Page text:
As detailed in this article by Deadspin, the Dodgers hired a pseudo scientist to send "good vibes" to the team from 3,000 miles away. The now estranged Frank and Jamie McCourt, owners of the Dodgers, hired Vladimir Shpunt (that sounds like something that would need to be steamed out of bed sheets) in 2004 after Shpunt (hehe) treated Jamie, both in person and at a distance, for an eye infection that was later cured. I'm sure the antibiotics she was likely taking didn't help…
Anyway, the McCourts put Shpunt on the Dodgers payroll for somewhere in the neighborhood of six figures to help the team from his home in Boston. Apparently he would "transmit energy" to the Dodgers while watching games.
Then he took to treating players.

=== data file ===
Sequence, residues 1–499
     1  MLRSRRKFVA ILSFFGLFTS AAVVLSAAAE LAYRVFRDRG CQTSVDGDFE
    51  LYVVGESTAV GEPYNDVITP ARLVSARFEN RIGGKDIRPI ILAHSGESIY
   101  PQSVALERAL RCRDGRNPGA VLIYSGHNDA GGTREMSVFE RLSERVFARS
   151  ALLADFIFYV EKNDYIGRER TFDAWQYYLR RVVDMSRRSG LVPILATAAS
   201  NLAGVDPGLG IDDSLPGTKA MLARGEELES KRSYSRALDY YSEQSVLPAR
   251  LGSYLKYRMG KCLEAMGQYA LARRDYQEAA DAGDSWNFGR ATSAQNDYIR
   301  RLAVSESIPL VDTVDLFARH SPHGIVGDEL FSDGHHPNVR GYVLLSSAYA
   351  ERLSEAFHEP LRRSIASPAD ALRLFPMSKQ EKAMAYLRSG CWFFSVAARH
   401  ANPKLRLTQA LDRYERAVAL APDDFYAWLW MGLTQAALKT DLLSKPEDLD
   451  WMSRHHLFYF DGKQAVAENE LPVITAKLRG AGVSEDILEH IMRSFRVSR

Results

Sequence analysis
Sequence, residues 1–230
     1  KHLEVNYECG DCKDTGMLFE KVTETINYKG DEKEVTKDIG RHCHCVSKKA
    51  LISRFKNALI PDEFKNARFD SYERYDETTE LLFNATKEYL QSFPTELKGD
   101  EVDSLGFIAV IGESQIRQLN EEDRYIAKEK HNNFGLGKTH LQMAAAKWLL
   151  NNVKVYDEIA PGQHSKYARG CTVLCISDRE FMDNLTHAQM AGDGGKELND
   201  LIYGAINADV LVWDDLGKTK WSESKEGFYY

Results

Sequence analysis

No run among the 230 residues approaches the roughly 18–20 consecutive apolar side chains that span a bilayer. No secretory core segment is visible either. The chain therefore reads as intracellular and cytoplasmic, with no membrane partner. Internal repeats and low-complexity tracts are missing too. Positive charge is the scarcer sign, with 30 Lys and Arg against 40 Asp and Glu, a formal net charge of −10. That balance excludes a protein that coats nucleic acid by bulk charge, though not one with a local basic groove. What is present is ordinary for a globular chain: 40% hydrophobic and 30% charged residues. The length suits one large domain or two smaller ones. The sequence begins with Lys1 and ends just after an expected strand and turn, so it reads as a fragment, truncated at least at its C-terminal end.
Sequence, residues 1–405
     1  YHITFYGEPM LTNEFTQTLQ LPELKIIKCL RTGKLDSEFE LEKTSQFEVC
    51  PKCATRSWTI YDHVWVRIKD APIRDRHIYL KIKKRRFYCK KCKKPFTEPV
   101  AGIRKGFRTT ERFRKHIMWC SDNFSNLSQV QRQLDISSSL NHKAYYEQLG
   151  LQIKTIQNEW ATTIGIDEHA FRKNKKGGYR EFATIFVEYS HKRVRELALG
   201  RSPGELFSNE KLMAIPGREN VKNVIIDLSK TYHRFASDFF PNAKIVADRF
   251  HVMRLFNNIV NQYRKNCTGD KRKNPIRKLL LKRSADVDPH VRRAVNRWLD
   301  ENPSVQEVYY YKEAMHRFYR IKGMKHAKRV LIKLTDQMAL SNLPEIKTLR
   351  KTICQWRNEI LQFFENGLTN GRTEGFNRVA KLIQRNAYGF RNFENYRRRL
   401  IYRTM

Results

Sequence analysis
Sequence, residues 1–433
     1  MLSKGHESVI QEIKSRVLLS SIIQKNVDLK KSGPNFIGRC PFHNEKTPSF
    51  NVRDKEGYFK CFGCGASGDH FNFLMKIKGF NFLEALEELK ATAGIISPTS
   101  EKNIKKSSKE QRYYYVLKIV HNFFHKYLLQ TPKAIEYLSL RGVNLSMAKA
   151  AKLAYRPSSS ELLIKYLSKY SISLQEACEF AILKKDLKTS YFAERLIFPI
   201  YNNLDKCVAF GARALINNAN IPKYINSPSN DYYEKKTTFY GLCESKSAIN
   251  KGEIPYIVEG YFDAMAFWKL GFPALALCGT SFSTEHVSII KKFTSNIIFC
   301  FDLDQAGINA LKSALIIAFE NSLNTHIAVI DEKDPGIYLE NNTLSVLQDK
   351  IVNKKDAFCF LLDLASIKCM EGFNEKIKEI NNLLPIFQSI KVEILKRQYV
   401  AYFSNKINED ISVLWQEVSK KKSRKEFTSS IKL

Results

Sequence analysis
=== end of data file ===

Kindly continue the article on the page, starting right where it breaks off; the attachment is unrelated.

After Werth's horrible wrist injury in 2005, Jayson requested some sort of alternative medicine, and the Dodgers sent him to Shpunt. From the LA Times:
At one point, Shpunt also tried to heal a player. In 2005, Jamie
referred outfielder Jayson Werth to him for treatment of a wrist injury,
after Werth had told her of his interest in alternative medicine,
according to Cohen and representatives for Frank and Jamie.
Werth had one in-person healing session and one distance healing
session, apparently not successful. In 2008, as he emerged as a star
with the Philadelphia Phillies, Werth said Dodgers doctors had
misdiagnosed the injury and that he did not get proper treatment until
he went to the Mayo Clinic on his own. He made no mention of Shpunt.
What in the Sam Hill went on during this distance healing session? Is it like phone sex without the fun?
Jayson Werth just became a little bit more mysterious.
The irony in all this? The Dodgers fired Shpunt in 2008, then they went on to lose to Werth in two consecutive NLCSs.
Cue the Twilight Zone theme.
Read the whole article here.